During the 2008 presidential campaign, no candidate offered a clearer break with George W. Bush's foreign policy than Barack Obama. With America in the middle of two prolonged wars in the Middle East, the Illinois senator pledged to use "soft power" and engagement to pursue American interests rather than military action. Obama's argument was that the standing of the United States had been heavily damaged by Bush's policies of invasion, torture, and indefinite detention, and in order to repair this damage, the United States needed to pursue policies that directly reached out to the residents of the world.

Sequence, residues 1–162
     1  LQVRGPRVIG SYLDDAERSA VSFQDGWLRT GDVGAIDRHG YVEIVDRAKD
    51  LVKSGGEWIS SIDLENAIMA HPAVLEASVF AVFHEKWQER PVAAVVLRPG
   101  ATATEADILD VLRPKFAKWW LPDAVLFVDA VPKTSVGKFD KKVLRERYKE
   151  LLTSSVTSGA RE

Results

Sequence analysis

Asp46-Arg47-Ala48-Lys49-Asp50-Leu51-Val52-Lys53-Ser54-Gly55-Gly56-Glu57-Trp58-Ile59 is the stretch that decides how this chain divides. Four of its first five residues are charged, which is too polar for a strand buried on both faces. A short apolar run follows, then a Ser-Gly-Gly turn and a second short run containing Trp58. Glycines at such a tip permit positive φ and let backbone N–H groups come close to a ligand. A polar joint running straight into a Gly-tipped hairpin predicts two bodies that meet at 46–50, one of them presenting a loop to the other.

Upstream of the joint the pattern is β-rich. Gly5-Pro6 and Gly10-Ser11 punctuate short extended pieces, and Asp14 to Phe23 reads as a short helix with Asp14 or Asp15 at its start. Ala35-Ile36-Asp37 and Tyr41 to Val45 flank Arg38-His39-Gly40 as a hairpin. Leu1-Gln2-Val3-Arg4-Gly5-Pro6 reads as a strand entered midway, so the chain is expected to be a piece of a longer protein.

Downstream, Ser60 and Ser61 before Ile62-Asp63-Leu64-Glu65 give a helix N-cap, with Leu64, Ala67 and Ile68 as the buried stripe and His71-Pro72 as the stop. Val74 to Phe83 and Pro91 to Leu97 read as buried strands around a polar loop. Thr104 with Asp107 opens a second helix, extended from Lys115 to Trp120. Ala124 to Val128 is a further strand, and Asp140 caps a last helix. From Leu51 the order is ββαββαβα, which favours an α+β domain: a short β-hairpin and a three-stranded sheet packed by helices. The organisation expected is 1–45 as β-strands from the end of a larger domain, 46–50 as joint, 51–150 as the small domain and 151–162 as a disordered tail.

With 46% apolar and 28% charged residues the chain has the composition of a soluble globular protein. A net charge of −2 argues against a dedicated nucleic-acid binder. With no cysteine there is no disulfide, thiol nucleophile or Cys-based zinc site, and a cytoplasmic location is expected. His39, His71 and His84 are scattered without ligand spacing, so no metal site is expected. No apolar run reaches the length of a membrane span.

For months, world leaders and the media have underestimated the strength of the insurgency in Syria. Now, with Bashar al Assad’s regime disintegrating, the international community must come to terms with the impending rebel victory.
It is hard to pigeonhole courses of action into "left" or "right" on this issue, and there are no risk-free options, but the United States needs to play a more decisive role in shaping the future of the region—and quickly. The irony is that while the U.S. was worried about avoiding another “Iraq quagmire,” Syria has degraded from a peaceful revolution into an armed rebellion, and now resembles a free-for-all power grab by regional powers and extremists.